When determining our lineup, we looked for fine-grind, yellow cornmeals because that is what we call for most often in our recipes. Twenty-one America’s Test Kitchen staffers sampled five nationally available products (three labeled “fine” and two with no grind size listed on their labels), in Southern-Style Skillet Cornbread and in Cornmeal Buttermilk Pancakes. Nutrition information and ingredients were taken from product labels or provided by company representatives, and are based on a 3-tablespoon serving size. We purchased the products either online or in local grocery stores, and the prices shown are what we paid. The cornmeals are listed below in order of preference. 


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The Results

Winner
Recommended

Skippy Peanut Butter

In a contest that hinged on texture, tasters thought this "smooth, "creamy" sample was "swell" and gave it top honors, both plain and baked into cookies. Its rave reviews even compensated for a slightly "weak" nut flavor that didn't come through as well as that of other brands in the pungent satay sauce.

$2.39 for 16.3-oz. jar (15 cents per oz.)*
Recommended

Jif Natural Peanut Butter Spread

The big favorite in satay sauce, this peanut butter's "dark, roasted flavor"—helped by the addition of molasses—stood out particularly well against the other heady ingredients, and it made cookies with "nice sweet-salty balance." Plus, as the top-rated palm oil-based sample, it was "creamy," "thick," and better emulsified than other "natural" contenders.

$2.29 for 18-oz. jar (13 cents per oz.)*

Reese's Peanut Butter

This is what peanut butter should be like, " declared one happy taster, noting specifically this product's "good," "thick" texture and "powerful peanut flavor." In satay sauce, however, some tasters felt that heavier body made for a "pasty" end result.

$2.59 for 18-oz. jar (14 cents per oz.)*

Skippy Natural Peanut Butter Spread

The only other palm oil-based peanut butter to make the "recommended" cut, this contender had a "looser" texture than its winning sibling but still won fans for being "super-smooth." Tasters thought it made an especially "well-balanced," "complex" peanut sauce.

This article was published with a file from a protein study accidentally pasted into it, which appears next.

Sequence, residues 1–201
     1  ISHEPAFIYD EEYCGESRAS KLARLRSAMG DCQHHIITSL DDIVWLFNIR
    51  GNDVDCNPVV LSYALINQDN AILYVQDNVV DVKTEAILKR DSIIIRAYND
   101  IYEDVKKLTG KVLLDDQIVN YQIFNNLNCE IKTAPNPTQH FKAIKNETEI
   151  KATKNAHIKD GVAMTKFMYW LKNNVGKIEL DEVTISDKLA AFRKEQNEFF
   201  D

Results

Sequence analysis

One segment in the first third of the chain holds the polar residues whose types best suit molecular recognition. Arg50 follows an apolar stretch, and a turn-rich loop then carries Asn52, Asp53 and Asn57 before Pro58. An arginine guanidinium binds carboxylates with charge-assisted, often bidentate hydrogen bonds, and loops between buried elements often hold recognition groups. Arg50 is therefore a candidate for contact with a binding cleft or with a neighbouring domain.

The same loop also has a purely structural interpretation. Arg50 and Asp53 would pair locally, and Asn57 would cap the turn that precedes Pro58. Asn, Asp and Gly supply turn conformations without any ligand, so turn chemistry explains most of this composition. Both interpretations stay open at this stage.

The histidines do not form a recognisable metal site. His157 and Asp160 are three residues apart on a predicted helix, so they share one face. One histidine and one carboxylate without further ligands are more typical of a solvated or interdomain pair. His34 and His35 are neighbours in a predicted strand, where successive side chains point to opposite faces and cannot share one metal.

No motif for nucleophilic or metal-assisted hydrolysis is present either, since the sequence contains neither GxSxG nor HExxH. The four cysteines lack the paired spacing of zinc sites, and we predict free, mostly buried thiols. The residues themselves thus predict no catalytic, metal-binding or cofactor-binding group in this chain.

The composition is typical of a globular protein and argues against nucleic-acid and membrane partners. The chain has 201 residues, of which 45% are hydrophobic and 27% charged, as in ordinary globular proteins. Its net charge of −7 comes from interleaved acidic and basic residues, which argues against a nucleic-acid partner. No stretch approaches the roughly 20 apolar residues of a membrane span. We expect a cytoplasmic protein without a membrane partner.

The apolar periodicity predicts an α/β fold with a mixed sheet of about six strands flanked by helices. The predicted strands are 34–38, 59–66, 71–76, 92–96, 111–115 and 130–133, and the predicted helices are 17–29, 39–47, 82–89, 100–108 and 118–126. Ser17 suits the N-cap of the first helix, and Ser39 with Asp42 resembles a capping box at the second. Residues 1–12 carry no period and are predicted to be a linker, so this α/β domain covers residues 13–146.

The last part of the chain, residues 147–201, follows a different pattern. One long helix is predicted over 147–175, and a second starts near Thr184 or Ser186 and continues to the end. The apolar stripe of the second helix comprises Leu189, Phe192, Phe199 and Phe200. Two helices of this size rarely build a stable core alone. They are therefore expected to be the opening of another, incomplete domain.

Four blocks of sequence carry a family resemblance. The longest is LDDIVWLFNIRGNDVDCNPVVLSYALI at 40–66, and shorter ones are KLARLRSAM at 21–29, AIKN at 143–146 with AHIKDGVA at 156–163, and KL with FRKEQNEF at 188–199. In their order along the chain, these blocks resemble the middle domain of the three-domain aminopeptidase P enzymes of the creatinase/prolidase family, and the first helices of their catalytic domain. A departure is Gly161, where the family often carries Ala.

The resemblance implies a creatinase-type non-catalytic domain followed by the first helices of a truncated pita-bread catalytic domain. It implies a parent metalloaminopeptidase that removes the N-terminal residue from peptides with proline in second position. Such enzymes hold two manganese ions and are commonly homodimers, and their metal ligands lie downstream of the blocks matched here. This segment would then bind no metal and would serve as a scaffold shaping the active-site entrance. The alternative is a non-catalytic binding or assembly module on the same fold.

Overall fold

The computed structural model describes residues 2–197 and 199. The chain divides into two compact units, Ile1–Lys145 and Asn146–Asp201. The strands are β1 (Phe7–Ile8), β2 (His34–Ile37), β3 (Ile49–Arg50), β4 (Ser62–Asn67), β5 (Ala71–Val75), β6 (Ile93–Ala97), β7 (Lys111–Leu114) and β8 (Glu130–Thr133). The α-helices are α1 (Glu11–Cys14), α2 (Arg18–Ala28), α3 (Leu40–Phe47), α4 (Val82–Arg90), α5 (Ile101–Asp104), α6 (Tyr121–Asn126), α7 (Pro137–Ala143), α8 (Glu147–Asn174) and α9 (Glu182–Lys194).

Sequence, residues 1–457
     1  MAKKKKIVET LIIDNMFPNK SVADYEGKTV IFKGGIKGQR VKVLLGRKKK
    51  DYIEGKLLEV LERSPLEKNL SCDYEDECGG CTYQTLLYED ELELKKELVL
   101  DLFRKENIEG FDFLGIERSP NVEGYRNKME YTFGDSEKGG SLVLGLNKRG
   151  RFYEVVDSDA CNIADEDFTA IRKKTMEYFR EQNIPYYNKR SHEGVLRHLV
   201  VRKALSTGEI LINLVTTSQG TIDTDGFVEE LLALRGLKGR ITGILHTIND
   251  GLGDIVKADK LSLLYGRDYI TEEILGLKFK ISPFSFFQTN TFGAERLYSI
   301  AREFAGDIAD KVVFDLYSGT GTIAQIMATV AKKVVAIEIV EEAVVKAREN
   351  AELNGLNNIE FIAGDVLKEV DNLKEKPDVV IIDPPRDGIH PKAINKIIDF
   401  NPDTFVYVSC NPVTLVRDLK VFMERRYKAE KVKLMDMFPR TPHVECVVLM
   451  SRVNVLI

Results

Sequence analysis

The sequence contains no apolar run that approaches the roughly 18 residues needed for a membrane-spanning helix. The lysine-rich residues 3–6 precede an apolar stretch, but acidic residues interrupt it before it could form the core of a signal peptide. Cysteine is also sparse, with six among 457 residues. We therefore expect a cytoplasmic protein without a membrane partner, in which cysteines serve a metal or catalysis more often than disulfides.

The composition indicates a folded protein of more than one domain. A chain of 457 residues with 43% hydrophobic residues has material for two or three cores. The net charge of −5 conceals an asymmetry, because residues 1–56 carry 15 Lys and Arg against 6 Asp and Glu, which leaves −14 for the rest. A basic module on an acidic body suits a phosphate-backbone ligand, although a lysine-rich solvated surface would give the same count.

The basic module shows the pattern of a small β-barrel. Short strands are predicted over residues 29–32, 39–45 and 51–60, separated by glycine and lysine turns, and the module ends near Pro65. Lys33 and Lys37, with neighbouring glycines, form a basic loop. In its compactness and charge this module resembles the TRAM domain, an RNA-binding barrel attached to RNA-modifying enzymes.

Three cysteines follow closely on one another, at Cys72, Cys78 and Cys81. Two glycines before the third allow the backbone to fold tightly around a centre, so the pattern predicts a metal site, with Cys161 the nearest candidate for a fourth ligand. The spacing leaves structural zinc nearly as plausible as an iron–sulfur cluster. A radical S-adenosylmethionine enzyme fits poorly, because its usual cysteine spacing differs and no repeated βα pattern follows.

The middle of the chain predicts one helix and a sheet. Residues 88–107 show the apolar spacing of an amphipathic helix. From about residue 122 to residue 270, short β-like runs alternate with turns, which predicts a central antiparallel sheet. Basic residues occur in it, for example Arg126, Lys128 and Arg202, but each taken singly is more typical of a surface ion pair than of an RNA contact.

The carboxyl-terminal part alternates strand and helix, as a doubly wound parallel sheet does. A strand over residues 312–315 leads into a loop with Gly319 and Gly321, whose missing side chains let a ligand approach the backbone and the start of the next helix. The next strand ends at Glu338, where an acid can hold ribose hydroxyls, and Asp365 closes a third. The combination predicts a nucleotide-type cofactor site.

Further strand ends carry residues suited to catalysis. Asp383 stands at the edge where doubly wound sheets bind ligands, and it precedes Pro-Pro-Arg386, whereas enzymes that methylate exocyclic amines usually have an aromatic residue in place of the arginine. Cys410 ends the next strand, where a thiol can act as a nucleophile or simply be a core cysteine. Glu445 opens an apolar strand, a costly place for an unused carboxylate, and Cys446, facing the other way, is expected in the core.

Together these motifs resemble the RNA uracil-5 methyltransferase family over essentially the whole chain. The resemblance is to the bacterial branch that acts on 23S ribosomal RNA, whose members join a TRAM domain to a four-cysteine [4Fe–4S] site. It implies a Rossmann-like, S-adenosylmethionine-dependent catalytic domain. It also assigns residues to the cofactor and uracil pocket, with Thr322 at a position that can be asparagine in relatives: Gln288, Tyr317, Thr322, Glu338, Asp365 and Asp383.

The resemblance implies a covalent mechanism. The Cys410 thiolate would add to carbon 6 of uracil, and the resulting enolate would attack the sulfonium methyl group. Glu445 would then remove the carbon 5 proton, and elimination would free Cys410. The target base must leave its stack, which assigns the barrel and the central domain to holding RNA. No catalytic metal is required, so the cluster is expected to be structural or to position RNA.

$2.39 for 15-oz. jar (16 cents per oz.)*
Recommended with Reservations

Peanut Butter & Co. No-Stir Natural Smooth Operator

Though it says "no-stir" on the label, this "stiff" palm-oil enriched peanut butter was "weeping oil" and came across as "greasy" to some tasters. However, it turned out a respectable batch of cookies—"chewy in the center, crisp and short at the edge"—and made "perfectly good" satay sauce.

$4.49 for 18-oz. jar (25 cents per oz.)*

Maranatha Organic No Stir Peanut Butter

On the one hand, this organic peanut butter produced cookies that were "soft and sturdy" yet "moist," with "knockout peanut flavor." On the other hand, eating it straight from the jar was nearly impossible; its "loose," "liquid-y," and "dribbly" consistency had one taster wonder if it was "peanut soup."

$5.69 for 16-oz. jar (36 cents per oz.)*
Not Recommended

Smart Balance All Natural Rich Roast Peanut Butter

Besides being unpalatably "tacky" and "sludgy," this "natural" peanut butter suffered from an awful "fishy" flavor with a "weird acidic aftertaste" that tasters noted in all three applications. Our best guess as to the culprit? The inclusion of flax seed oil, an unsaturated fat that's highly susceptible to rancidity.

$3.59 for 16-oz. jar (22 cents per oz.)*

Smucker's Natural Peanut Butter

With its only additive a negligible amount of salt, the only truly natural peanut butter in the lineup elicited comments ranging from mild dissatisfaction ("needs enhancement with salt and sugar") to outright disgust ("slithery," "chalky," "inedible"). Cookies were "dry and crumbly" with a "hockey puck" texture, and the satay sauce was "stiff," "gritty," and "gloopy."

$2.69 for 16-oz. jar (17 cents per oz.)*